Four things we learned from the Employer Skills Survey 2022

Government mass survey of employers finds training investment continuing to ‘flatline’

Government mass survey of employers finds training investment continuing to ‘flatline’

The amount of money spent on training in England has flatlined as UK-wide spending sinks to its lowest ever recorded level, according to the government’s latest employer skills survey.

The report, published today by the Department for Education, sought out data on labour market and skills challenges faced by employers across the four nations.

Nearly 73,000 employers across England, Wales and Northern Ireland took part in the biennial survey for 2022. Data collection took place between June 2022 and March 2023.

Here are the key findings…

Investment in training flatlines

Employers in the UK spent less on training and development than in the previous 12 months. 

Total employer expenditure was £53.6 billion in 2022, a 7.7 per cent real terms decrease from the last reported figure in 2017, which was £58.1 billion. In 2011, when data collection began, employers spent £59.1 billion on training.

Training expenditure in England increased slightly since 2019 from £44.9 billion to £45.8 billion.

Employers with five to 24 employees spent the most as a cohort on training – £16.65 billion in 2022 which is a decrease from 2017, when they spent £18.1 billion on staff training.

Large employers (with 100 plus employees) spent £14.7 billion on training in 2022, a decline from the £16 billion spent in 2017.

According to the latest figures, the average investment in training per employee in England was £2,971, plummeting 27 per cent since 2011 when £4,095 was spent per employee (adjusted for inflation).

Stephen Evans, chief executive of the Learning and Work Institute, said today’s figures show the amount employers in England invest in training “continued to flatline.”

Fewer employers are providing training

The survey also found that 60 per cent of companies funded or arranged any training for staff over the past 12 months in England, a drop from 66 per cent in 2017, and 61 per cent in 2019.

Figures show there was a decrease in UK employers providing training in all sectors, apart from the public administration sector. The largest decreases were seen among manufacturing employers (decreasing six percentage points in 2017 to 54 per cent in 2022), and arts and other services sectors (falling eight percentage points in 2017 to 60 per cent in 2022).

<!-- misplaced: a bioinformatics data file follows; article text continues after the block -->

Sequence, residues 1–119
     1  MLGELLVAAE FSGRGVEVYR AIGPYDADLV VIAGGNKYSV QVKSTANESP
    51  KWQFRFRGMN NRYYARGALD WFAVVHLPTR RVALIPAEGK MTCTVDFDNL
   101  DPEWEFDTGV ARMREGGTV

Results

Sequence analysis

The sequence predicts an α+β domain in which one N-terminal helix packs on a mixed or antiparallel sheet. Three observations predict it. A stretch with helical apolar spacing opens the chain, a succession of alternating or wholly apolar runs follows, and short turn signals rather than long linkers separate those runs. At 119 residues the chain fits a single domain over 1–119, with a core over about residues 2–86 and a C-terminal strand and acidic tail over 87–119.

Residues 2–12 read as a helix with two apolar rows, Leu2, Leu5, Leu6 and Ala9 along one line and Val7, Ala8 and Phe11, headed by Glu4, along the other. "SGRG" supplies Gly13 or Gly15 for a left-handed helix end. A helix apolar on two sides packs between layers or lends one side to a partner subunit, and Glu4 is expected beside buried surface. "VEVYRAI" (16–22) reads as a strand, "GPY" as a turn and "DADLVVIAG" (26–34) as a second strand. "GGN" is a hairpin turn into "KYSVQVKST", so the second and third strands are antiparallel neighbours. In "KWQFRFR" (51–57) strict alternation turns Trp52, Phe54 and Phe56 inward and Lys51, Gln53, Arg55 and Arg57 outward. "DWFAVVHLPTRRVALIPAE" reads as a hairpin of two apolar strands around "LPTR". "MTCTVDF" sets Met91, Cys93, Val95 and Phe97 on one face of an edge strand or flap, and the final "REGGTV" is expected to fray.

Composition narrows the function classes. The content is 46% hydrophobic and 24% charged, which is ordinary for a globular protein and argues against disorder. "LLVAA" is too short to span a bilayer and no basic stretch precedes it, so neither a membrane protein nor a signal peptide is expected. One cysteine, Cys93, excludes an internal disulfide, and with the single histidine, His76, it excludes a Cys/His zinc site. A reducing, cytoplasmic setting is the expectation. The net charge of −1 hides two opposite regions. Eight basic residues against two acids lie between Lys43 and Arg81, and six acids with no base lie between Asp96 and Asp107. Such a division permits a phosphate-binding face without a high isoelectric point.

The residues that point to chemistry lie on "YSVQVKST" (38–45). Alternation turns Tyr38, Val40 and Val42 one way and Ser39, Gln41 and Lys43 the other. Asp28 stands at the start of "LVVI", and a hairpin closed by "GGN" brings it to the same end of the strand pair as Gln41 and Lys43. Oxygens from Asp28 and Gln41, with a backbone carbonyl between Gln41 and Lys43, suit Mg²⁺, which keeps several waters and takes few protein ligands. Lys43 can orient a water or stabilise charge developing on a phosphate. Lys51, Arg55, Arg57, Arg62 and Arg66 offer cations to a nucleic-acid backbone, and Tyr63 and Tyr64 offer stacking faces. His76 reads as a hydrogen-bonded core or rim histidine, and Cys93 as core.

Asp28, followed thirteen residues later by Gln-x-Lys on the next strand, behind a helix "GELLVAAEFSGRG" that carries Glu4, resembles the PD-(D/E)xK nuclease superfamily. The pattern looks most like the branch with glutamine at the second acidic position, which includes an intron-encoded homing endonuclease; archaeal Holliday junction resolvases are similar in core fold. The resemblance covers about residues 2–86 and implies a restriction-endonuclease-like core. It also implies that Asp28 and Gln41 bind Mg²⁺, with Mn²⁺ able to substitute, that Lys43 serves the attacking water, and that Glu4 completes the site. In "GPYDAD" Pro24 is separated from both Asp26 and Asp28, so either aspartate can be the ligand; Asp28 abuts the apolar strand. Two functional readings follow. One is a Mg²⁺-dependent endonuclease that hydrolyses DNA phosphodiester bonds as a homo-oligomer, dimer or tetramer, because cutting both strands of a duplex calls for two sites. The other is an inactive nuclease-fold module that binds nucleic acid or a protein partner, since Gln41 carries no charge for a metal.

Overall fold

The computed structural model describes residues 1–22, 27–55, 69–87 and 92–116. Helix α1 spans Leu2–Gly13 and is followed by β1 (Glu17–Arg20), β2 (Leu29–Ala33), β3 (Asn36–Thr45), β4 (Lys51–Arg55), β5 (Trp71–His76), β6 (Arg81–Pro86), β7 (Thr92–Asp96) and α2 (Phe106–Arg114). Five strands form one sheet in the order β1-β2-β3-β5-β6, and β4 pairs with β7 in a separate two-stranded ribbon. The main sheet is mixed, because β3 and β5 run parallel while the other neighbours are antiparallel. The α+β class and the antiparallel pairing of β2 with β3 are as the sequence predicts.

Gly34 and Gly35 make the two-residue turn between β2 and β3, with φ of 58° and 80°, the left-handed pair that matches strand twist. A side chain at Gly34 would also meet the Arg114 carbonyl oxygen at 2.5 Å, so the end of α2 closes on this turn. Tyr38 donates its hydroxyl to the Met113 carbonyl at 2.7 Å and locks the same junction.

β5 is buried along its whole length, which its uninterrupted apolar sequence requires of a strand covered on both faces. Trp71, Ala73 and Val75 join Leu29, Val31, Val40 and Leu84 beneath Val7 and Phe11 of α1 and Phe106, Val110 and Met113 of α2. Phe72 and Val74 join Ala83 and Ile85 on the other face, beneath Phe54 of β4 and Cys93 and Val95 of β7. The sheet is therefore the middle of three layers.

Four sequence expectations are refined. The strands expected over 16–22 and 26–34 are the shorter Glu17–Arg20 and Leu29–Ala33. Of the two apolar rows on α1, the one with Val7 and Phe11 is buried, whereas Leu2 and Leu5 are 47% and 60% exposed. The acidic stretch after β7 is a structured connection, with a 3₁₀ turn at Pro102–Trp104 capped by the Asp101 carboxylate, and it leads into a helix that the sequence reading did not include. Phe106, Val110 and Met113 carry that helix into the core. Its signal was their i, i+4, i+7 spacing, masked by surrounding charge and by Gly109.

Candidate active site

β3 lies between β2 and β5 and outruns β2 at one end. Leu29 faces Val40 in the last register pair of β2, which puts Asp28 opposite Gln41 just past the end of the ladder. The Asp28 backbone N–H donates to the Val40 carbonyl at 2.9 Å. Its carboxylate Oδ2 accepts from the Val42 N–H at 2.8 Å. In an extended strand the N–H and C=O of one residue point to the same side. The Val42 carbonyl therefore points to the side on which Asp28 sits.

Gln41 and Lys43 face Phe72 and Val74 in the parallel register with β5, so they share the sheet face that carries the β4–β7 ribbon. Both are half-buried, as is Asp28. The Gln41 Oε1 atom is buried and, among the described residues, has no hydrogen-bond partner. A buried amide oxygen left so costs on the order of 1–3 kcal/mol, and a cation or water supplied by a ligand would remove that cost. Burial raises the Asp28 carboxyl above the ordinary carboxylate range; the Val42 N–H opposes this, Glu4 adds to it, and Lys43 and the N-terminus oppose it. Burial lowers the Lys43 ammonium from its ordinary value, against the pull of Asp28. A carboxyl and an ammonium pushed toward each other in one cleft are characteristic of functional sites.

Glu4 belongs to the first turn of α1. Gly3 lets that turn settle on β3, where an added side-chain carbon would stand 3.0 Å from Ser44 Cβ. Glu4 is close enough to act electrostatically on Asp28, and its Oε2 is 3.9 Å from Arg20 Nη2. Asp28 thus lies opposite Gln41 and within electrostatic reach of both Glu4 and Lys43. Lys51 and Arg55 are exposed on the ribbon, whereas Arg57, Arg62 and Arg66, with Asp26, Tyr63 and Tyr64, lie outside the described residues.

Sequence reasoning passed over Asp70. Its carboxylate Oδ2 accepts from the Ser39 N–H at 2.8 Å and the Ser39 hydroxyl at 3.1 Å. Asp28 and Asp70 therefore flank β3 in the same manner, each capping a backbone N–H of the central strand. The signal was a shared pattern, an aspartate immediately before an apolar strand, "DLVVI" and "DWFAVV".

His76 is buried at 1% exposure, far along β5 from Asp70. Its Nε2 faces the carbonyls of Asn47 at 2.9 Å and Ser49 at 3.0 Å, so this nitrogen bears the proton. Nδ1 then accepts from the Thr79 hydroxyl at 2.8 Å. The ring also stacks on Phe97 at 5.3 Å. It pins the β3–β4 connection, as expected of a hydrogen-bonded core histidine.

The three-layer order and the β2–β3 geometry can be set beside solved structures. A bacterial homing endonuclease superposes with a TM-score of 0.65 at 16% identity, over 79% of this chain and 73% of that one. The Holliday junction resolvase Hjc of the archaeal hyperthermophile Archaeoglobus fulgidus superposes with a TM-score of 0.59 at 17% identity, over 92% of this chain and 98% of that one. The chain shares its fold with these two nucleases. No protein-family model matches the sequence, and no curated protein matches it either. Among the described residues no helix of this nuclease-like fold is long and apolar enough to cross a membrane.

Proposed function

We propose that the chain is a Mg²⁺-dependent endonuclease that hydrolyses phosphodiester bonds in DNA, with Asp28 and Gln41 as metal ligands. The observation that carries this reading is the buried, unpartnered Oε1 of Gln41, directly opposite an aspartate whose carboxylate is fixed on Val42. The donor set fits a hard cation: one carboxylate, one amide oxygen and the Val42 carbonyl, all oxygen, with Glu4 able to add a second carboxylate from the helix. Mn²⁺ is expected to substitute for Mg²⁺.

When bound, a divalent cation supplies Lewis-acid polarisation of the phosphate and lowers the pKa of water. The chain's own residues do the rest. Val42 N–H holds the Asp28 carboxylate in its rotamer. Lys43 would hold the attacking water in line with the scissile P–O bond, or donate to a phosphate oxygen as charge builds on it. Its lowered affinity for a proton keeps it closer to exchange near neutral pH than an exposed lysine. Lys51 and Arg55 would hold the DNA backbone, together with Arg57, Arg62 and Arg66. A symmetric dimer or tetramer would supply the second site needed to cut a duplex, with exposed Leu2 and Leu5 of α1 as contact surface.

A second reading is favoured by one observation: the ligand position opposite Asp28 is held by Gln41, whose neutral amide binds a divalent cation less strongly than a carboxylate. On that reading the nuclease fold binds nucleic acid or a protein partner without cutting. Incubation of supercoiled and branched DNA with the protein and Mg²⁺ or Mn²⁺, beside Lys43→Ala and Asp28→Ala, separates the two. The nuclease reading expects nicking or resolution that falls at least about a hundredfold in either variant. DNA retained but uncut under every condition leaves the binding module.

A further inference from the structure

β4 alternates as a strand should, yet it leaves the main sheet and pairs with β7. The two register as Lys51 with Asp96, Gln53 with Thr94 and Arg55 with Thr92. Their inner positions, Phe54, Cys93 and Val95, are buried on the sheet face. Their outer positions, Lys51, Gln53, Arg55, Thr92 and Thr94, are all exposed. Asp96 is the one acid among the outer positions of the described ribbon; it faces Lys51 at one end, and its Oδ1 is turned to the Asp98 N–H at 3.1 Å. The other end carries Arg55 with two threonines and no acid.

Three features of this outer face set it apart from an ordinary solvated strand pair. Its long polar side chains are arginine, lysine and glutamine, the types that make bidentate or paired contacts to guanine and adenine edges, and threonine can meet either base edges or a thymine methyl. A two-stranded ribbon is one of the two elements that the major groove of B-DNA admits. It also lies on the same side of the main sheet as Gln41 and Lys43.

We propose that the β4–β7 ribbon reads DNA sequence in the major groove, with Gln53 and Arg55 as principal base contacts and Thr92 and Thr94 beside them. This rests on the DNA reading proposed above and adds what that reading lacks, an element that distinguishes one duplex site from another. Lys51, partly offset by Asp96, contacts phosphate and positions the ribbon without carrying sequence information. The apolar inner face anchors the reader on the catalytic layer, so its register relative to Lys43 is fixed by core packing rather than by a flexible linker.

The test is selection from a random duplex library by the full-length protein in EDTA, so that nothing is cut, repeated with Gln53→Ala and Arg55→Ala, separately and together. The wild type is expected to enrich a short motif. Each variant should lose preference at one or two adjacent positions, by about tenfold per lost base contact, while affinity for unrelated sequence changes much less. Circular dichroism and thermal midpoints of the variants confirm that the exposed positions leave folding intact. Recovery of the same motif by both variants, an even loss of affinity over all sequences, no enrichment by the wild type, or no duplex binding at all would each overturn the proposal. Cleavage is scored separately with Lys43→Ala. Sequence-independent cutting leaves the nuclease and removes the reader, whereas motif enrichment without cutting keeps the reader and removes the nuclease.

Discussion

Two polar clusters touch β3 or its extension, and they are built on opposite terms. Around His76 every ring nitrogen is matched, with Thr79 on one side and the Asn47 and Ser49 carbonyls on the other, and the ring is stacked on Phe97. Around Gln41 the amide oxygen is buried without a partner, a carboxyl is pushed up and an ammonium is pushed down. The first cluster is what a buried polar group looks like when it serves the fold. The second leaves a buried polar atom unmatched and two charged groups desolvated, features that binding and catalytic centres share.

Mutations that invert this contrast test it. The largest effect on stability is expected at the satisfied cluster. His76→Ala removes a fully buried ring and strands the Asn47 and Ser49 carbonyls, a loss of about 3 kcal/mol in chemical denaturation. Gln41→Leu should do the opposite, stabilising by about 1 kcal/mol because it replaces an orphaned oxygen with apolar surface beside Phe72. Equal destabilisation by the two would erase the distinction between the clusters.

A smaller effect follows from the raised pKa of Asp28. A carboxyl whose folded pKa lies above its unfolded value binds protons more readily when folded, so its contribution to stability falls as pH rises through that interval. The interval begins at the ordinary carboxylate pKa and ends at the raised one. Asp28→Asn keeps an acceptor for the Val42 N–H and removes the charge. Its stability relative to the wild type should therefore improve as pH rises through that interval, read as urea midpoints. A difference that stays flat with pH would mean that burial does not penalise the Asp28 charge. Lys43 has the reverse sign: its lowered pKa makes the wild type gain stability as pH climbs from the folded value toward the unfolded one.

Larger employers were more likely to provide training over SMEs – 94 per cent among companies with 250 or more employees compared to 45 per cent in firms with two to four employees.

In 2022, around half (49 per cent) of UK employers provided on-the-job training to their staff over the past 12 months; down from 53 per cent in 2017. 

Furthermore, the proportion of employers providing off-the-job training fell nine percentage points from 2017 to 39 per cent in 2022. 

Around one in five (21 per cent) UK employers offered on-the-job training only, rising from 18 per cent in 2017.

Skills-shortage vacancies growing

More employers are reporting having a skill-shortage vacancy – defined as a hard-to-fill vacancy due to a lack of skills, qualifications or experience among applicants.

In 2022, 10 per cent said they have a skill-shortage vacancy, higher than in 2017, when 6 per cent of employers reported so.

Additionally, more of the UK workforce was not fully proficient in their jobs, i.e. a skills gap.

The proportion of employers that had at least one member of staff with a skills gap was 15 per cent, slightly higher than 13 per cent of employers in 2017.

The percentage of skill-shortage vacancies as a proportion to vacancies in England was 36 per cent, a 14-percentage point increase from the 22 per cent skill-shortage vacancy density reported in 2017.

Education sector among the hardest to fill vacancies

Employers also reported difficulties filling roles, for reasons such as low numbers of applicants with the required skills, a lack of interest in the job, competition from other employers and poor terms and conditions offered for the post. 

These so-called hard-to-fill vacancies were most prevalent among employers in the health and social work (26 per cent had at least one hard-to-fill vacancy), 26 per cent of education employers and 21 per cent of hotels and restaurants sector firms.

“We need a clear plan for economic growth and better incentives for employers to invest in skills, such as a skills tax credit and improved apprenticeship levy,” Evans said. “Our analysis suggests improving skills could boost the economy by £20 billion per year.”

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  1. So many questions here

    Are employers delivering less training and growing from within?
    Lack of training due to money constraints?
    Looking to hire direct with the skills for the roles?